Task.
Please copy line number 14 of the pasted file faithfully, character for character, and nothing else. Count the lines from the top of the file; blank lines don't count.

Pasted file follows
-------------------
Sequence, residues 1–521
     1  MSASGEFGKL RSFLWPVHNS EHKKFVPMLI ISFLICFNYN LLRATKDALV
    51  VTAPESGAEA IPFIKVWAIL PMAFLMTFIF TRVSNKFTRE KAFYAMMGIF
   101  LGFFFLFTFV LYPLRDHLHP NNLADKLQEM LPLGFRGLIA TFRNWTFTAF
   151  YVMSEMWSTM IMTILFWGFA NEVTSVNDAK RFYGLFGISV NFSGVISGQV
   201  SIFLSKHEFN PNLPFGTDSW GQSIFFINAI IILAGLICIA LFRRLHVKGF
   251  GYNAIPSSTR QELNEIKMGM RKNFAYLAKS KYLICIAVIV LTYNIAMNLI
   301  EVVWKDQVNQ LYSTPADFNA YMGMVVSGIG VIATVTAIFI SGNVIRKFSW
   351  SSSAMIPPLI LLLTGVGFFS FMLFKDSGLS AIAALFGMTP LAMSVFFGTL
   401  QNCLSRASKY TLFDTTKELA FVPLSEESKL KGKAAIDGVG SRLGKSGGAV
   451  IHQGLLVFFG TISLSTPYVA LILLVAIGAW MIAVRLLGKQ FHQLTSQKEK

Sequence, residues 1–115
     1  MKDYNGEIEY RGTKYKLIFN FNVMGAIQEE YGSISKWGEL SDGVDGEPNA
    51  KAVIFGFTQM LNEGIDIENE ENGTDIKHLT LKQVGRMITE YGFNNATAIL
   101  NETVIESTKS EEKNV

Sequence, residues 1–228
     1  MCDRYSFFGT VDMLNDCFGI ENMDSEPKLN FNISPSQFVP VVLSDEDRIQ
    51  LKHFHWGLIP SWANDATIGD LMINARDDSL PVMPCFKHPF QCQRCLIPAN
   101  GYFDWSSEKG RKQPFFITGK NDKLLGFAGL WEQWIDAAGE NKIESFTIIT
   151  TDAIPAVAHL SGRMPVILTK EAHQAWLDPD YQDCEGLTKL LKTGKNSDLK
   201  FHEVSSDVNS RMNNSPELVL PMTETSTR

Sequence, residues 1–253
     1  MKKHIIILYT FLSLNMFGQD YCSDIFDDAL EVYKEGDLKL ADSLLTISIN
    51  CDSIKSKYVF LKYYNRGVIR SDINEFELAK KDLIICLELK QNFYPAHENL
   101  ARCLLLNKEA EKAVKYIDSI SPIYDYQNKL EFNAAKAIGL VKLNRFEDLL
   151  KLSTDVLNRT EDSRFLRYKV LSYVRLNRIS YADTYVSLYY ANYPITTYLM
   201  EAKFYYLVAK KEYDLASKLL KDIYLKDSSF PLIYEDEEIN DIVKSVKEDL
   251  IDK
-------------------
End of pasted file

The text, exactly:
    51  KAVIFGFTQM LNEGIDIENE ENGTDIKHLT LKQVGRMITE YGFNNATAIL